How I Fell out of Love with Football

From ‘Size 5’, first published in Issue Eleven of The Blizzard.

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In my footballing heyday cricket and rugby were distant sports. I loved Lineker and Barnes, Robson and Waddle. I loved dealing Panini stickers and playing football manager for hours on a ZX Spectrum. I loved Match of the Day and spending school break-times trying to recreate the goals of the weekend.

Yet something happened to the game between the gritty 80s and the meretricious glamour of the modern Premier League. Diving and money. Teams where players are shipped in from across the globe and owned by restaurateurs and oil thieves. Etc, etc. Blah, blah, blah. The old fan’s lament that the olden days were the golden days, when Stanley Matthews played in hobnailed boots and you could have ten pints of bitter and a bag of chips and still pay your bus fare home.

Nothing stays the same, but some sports change for the worse. Or perhaps they evolve on a tangent opposite to our own shifting characters, values and attitudes.

Cricket, despite IPL wealth, match fixing and bird-brained administration, still has pretensions of grace and sportsmanship. Rugby, I used to contend, was about truth. No player bullshitted about his abilities in the changing room after a game. It was a measure of who you were, how you’d stand up and fight when the opposition were stamping your head into the mud.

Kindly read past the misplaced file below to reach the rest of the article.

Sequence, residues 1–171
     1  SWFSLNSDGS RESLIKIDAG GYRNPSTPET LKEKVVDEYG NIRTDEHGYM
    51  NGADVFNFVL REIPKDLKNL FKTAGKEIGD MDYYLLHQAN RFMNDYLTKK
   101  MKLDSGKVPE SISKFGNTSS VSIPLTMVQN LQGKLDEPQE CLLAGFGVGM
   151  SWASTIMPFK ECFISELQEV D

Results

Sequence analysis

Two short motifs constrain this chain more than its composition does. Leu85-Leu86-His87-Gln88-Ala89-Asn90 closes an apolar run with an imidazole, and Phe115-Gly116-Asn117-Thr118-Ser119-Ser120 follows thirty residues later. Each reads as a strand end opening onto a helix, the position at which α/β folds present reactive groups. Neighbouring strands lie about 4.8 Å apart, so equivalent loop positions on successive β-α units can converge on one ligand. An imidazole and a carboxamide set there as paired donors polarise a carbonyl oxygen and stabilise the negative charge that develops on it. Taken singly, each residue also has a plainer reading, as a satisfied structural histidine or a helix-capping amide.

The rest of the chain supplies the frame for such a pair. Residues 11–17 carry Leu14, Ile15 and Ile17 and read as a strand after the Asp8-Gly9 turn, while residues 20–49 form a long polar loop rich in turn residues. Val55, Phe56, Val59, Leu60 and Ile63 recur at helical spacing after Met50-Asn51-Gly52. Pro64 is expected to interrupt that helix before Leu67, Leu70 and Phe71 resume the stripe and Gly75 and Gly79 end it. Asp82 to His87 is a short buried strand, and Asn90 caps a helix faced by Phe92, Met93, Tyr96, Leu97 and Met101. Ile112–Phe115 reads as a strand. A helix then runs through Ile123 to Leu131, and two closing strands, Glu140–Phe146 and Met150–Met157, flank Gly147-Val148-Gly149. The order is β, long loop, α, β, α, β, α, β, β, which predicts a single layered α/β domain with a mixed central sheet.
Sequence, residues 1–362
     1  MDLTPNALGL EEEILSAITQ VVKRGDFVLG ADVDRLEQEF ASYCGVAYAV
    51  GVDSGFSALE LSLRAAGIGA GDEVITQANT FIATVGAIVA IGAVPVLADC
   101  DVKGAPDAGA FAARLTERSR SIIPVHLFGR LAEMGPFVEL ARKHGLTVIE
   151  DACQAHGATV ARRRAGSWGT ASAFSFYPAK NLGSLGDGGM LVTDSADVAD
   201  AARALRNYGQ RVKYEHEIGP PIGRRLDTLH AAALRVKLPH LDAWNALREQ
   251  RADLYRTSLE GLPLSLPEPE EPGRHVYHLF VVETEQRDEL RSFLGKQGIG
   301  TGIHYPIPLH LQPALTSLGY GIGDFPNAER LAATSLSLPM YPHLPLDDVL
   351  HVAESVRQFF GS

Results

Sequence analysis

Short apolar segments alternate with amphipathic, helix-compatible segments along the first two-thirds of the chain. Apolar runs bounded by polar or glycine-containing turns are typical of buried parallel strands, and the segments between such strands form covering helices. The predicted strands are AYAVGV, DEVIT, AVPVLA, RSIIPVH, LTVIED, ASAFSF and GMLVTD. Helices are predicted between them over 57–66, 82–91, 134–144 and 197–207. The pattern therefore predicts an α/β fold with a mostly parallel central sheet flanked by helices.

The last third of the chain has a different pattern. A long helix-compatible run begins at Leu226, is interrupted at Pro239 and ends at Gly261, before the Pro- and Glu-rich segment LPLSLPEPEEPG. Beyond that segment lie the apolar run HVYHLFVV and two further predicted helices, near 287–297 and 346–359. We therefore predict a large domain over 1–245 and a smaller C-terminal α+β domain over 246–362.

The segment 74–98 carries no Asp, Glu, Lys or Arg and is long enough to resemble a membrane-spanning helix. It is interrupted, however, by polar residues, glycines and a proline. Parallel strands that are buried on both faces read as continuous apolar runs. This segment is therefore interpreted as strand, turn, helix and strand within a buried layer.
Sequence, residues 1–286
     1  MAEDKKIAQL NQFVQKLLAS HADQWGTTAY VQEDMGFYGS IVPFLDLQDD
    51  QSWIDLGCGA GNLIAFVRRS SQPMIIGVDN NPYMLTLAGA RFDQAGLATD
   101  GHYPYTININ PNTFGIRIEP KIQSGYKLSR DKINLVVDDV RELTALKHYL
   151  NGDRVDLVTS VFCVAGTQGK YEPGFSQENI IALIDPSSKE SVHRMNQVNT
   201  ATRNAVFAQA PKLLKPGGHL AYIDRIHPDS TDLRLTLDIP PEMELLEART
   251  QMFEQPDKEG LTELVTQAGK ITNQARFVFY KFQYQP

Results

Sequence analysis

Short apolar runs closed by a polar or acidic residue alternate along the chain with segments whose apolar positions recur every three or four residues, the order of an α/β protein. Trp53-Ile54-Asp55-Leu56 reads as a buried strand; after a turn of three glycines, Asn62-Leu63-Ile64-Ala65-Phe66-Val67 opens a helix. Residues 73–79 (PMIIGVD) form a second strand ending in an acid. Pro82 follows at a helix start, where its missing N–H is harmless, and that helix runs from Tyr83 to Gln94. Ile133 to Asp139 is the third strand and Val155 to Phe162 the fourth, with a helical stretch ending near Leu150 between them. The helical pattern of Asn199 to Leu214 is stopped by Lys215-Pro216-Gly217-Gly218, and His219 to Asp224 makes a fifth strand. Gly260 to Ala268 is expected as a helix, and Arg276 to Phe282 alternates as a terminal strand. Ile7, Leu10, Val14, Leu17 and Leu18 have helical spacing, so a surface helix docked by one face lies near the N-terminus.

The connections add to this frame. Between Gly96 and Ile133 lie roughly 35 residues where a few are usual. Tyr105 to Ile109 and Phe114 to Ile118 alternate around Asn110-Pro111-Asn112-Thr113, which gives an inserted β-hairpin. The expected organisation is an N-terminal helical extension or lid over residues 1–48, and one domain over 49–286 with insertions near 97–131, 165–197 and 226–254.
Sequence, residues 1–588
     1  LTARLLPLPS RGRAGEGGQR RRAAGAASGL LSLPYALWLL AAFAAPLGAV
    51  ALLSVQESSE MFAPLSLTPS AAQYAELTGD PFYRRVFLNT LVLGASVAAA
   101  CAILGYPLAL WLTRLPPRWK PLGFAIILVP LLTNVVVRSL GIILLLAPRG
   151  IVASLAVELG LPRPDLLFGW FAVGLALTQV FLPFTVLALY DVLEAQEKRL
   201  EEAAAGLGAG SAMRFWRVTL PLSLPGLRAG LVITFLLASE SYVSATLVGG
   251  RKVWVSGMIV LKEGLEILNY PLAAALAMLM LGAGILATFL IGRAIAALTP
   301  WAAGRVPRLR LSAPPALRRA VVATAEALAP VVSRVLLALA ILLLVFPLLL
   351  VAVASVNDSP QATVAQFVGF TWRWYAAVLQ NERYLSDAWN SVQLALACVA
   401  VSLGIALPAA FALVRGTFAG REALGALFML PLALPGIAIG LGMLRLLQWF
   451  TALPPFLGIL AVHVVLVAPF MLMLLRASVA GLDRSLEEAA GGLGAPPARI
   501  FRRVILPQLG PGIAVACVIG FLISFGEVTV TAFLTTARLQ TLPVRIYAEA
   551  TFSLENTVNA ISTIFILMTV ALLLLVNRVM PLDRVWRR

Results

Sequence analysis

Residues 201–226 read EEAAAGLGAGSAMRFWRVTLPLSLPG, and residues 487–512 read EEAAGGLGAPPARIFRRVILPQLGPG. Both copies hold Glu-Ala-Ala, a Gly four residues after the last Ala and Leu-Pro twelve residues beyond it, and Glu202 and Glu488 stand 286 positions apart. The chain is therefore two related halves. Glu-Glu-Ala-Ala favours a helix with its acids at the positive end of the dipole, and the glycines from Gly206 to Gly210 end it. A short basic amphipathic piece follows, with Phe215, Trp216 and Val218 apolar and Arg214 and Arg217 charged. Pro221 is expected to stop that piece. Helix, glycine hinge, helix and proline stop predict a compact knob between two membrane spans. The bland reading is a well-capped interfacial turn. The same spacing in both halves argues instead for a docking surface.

It’s truly a shame that I don’t follow football with the fervour I used to. The goal glimpsed in a crowded pub, a scan of the headlines to see which team is where and how the Foxes are doing.

Yet despite my cynicism, and regardless of the dollars and roubles pumped into that grossly inflated size 5, football is forever special. A game bigger and better than a global megasport.

As a travelling journalist I’ve played matches in refugee camps and shanty towns. On the day the Abu Ghraib torture photos hit front pages around the world I faced up against a team of Palestinians, a side of scarred and serious men set on restoring cultural pride by thrashing a team of foreigners. In a Guatemalan slum I played on a pitch made of glass-chipped mud and lethal cans, and here I was dazzled by men dribbling like Messi. On a dust bowl pitch in a Kenyan orphanage, watching a skinny kid streak down the wing and skip over slide tackles before beating the keeper with the most delicate of barefoot lobs, the game is still beautiful.

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Read ‘Size 5’ in full in Issue Eleven of The Blizzard.

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